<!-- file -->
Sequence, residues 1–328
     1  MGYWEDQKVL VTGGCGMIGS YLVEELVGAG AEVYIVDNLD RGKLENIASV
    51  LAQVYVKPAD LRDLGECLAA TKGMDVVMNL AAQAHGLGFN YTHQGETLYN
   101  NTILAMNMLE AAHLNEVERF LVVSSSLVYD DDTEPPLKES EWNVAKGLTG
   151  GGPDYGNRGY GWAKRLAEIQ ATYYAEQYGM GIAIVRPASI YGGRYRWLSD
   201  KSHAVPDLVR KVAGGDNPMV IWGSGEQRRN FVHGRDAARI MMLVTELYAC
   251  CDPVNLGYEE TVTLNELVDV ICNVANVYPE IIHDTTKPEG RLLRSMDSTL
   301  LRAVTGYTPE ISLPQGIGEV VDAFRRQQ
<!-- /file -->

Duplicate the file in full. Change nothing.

Sequence, residues 1–328
     1  MGYWEDQKVL VTGGCGMIGS YLVEELVGAG AEVYIVDNLD RGKLENIASV
    51  LAQVYVKPAD LRDLGECLAA TKGMDVVMNL AAQAHGLGFN YTHQGETLYN
   101  NTILAMNMLE AAHLNEVERF LVVSSSLVYD DDTEPPLKES EWNVAKGLTG
   151  GGPDYGNRGY GWAKRLAEIQ ATYYAEQYGM GIAIVRPASI YGGRYRWLSD
   201  KSHAVPDLVR KVAGGDNPMV IWGSGEQRRN FVHGRDAARI MMLVTELYAC
   251  CDPVNLGYEE TVTLNELVDV ICNVANVYPE IIHDTTKPEG RLLRSMDSTL
   301  LRAVTGYTPE ISLPQGIGEV VDAFRRQQ